Duhaime's Law Dictionary


Defense Attorney or Defence Counsel Definition:

Lawyers who represent persons facing criminal charges.

Lawyers, attorneys or barristers who represent persons facing criminal law charges.

In the US, given the predominance of the term "attorney", these lawyers are called "defense attorneys", whereas in common law jurisdictions, they are referred to as "defence counsel"  or barrister.

A defense attorney or defence counsel is usually hired directly by the person accused and from that point forward, represents the accused throughout the legal process, including trial.

It is a fundamental principle of most justice systems that the accused person does not need to testify (see, for example, the US Fifth Amendment). Allowing an agent, such as a defense attorney to represent the accused in court, means that the accused does not speak or testify but still gets to cross examine the prosecution's witnesses. As an agent, the defense attorney brings is or her expertise to the task.

Sometimes the defense attorney is a public defender or otherwise paid by the state such as a "legal aid lawyer". In most jurisdictions, this means that the defense attorneys legal fees are paid for by the government but that in all other respects, the relationship between the defense attorney and the accused is the same as if the defense attorney was being paid directly by the accused.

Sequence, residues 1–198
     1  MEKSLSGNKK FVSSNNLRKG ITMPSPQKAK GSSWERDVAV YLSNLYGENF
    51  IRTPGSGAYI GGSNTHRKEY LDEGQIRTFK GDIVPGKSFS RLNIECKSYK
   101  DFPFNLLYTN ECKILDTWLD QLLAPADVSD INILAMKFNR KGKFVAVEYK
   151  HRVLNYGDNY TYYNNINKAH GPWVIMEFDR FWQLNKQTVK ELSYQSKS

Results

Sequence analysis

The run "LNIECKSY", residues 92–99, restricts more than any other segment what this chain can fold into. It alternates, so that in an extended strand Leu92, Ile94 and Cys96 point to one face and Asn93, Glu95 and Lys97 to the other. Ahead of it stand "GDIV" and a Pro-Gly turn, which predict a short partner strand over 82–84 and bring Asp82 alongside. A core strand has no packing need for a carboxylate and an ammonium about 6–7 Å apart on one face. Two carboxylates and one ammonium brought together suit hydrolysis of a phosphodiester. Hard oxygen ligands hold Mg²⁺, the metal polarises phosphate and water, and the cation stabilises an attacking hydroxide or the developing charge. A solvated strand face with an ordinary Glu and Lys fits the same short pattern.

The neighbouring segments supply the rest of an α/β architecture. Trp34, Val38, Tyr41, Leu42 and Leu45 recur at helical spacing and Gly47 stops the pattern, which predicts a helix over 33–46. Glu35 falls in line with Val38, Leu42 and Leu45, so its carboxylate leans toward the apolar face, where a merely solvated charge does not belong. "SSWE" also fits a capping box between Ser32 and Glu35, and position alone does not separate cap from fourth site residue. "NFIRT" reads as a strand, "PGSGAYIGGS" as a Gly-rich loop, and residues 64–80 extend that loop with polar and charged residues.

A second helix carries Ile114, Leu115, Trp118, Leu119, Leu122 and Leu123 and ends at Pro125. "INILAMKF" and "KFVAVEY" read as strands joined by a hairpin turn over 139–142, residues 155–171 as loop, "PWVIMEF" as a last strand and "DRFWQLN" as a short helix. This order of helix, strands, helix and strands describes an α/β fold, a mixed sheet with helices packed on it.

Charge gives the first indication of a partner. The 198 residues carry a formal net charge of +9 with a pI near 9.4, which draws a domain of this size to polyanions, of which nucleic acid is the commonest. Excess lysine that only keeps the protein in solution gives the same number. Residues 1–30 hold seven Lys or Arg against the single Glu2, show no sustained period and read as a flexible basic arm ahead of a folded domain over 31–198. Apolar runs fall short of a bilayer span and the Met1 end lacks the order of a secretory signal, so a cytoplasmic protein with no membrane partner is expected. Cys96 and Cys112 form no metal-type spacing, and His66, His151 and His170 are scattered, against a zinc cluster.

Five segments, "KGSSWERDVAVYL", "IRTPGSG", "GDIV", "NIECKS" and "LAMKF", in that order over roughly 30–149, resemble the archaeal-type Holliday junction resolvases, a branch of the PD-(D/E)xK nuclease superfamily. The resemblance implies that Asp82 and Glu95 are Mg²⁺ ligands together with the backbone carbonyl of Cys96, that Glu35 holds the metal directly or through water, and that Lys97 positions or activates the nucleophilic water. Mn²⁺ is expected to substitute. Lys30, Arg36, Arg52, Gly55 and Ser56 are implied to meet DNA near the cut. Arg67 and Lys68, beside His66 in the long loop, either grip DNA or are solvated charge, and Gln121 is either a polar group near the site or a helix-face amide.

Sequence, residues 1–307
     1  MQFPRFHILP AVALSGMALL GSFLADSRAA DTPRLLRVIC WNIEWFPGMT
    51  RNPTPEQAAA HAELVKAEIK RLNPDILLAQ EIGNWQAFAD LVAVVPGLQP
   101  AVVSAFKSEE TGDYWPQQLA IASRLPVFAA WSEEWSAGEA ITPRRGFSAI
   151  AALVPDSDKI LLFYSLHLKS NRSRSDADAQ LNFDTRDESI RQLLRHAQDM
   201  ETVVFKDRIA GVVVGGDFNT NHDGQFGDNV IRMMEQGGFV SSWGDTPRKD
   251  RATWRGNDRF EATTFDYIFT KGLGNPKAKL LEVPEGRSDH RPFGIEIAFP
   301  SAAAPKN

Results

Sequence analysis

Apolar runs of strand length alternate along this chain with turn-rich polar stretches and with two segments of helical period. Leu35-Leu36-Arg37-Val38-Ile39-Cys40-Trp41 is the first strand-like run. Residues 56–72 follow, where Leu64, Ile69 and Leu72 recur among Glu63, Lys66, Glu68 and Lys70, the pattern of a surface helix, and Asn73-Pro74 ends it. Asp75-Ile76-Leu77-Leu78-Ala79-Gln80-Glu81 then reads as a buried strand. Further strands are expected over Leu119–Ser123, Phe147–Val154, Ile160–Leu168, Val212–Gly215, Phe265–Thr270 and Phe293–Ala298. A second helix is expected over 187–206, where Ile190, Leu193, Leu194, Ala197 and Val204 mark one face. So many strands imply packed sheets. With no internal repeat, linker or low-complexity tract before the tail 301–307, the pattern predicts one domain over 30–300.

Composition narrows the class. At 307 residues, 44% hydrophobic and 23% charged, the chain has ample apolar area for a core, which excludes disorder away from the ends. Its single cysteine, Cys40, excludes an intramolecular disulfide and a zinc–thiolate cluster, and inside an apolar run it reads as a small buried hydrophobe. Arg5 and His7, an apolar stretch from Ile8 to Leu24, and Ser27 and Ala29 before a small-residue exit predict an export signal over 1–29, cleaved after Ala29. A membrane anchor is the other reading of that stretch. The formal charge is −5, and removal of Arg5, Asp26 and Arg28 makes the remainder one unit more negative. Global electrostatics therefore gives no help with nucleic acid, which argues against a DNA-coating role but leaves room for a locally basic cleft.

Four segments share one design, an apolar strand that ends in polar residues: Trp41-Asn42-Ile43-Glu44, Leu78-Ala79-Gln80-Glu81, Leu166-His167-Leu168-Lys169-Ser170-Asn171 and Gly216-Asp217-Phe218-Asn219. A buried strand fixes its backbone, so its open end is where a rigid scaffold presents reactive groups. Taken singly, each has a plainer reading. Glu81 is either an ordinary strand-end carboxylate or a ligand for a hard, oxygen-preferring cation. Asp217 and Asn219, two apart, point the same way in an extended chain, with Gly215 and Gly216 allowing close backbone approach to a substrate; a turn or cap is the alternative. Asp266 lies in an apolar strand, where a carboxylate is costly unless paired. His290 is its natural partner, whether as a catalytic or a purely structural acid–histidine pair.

Just about every courthouse has nearby several private law firms offering criminal defense attorney services. Any defense attorneys have experience as a prosecutor, which assists them in effectively defending their client from criminal charges.

Defense attorneys often take very unpopular cases and are asked "how can you defend that pig"? To this,  the defense attorneys answer must be that everybody is entitled to a proper legal defense or that it is not a lawyer's job to determine guilt; that is left with the judge or jury.

Many lawyers are not able to act as defense attorneys as it does require, from time to time, the representation of clients from the lawyer personally dislikes. There are obvious motivational challenges for a defence attorney purporting to represent a repeat offender/child sexual abuser where his/her professional ethics demand that they "endeavour by all fair and honourable means to obtain for a client the benefit of any and every remedy and defence which is authorized by law".

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